The staff of the Defense Acquisition Regulations System are responsible for making changes in the Defense Federal Acquisition Regulation Supplement (DFARS)-the Department of Defense's (DOD) regulation augmenting the Federal Acquisition Regulation, which guides government purchases of products and services. They begin their process by first tracking legislation that may affect acquisition regulations before Congress enacts the National Defense Authorization Act (NDAA). After enactment, they identify which provisions to implement through regulatory changes and which to implement through other means. In certain circumstances, rather than change the DFARS, DOD can issue a class deviation, which allows its buying organizations to temporarily diverge from the acquisition regulations. The figure below shows the primary means DOD uses to implement NDAA provisions, and the mechanisms DOD uses to make information on the status of any changes available to the public and others.

DOD does not have a mechanism to clearly communicate to Congress, industry, and other interested parties the status of regulatory or other changes based on NDAA provisions. Using only publicly-available reports and information, it is difficult for an interested party to find the implementation status of any given acquisition-related NDAA provision. This is because no single DOD source communicates the status of regulatory or other changes in a manner that links the changes to specific NDAA provisions. As a result, interested parties are not always aware of what provisions have been implemented and when. This information is important for congressional oversight and to industry for planning and compliance purposes. Federal internal control standards state that management should address the communication expectations of external users.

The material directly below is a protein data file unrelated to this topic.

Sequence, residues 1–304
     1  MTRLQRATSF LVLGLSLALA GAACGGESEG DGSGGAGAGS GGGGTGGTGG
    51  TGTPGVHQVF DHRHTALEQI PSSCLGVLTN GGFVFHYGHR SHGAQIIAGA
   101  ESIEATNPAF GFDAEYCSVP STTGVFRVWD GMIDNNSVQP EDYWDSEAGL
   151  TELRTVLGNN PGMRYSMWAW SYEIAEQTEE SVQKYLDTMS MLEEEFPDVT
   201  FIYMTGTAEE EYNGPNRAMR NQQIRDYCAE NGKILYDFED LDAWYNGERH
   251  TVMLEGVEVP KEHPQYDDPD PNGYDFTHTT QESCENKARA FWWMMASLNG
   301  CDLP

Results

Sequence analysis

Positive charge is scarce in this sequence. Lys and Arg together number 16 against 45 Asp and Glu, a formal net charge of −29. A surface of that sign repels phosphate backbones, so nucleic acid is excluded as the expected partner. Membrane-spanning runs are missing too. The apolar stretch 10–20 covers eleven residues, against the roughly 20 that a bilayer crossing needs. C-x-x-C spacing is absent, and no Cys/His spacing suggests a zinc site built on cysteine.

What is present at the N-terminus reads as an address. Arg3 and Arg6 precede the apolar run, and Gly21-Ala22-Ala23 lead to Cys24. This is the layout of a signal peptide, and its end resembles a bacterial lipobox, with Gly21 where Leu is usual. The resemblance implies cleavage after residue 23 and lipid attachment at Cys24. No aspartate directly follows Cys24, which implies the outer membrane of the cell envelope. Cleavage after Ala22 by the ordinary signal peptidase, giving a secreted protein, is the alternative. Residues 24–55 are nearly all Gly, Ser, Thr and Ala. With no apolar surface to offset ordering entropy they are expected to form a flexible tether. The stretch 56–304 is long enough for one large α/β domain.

GAO found that DOD has taken action to address 180 acquisition-related provisions since 2010. On average, implementation was completed within 1 year from enactment. Some complicated provisions took more than 2 years to implement. For example, a fiscal year 2016 NDAA provision, directing a regulatory change for commercial item procurements, took more than 2 years to implement because DOD was reconciling a prior year's related but different NDAA commercial item provision into one DFARS change.

Why GAO Did This Study